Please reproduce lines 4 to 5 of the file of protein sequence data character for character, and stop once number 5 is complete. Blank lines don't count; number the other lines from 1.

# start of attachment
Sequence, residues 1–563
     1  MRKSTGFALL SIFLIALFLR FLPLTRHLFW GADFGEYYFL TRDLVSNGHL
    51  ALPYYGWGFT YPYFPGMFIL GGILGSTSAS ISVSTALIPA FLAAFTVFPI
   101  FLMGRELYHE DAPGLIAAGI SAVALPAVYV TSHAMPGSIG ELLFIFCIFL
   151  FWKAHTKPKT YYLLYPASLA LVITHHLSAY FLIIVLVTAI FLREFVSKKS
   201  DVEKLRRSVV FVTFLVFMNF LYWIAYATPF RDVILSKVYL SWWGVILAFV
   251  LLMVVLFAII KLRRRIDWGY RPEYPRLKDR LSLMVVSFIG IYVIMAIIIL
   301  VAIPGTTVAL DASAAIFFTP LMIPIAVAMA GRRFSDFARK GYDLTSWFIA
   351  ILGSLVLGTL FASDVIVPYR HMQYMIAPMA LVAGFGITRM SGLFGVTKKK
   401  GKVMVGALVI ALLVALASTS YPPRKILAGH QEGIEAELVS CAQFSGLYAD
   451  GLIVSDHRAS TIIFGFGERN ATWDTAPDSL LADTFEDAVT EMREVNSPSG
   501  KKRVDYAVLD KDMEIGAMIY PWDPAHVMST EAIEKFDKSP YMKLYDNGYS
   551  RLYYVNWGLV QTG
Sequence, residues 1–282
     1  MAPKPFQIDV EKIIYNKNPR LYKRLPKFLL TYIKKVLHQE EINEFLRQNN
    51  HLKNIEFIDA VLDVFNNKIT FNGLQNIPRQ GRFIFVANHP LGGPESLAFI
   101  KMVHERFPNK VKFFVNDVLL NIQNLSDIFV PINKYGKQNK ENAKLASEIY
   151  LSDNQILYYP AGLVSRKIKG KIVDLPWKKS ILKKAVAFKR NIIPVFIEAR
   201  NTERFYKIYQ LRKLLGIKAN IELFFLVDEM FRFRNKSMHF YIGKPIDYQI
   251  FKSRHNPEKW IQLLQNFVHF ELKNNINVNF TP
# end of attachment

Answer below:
   101  FLMGRELYHE DAPGLIAAGI SAVALPAVYV TSHAMPGSIG ELLFIFCIFL
   151  FWKAHTKPKT YYLLYPASLA LVITHHLSAY FLIIVLVTAI FLREFVSKKS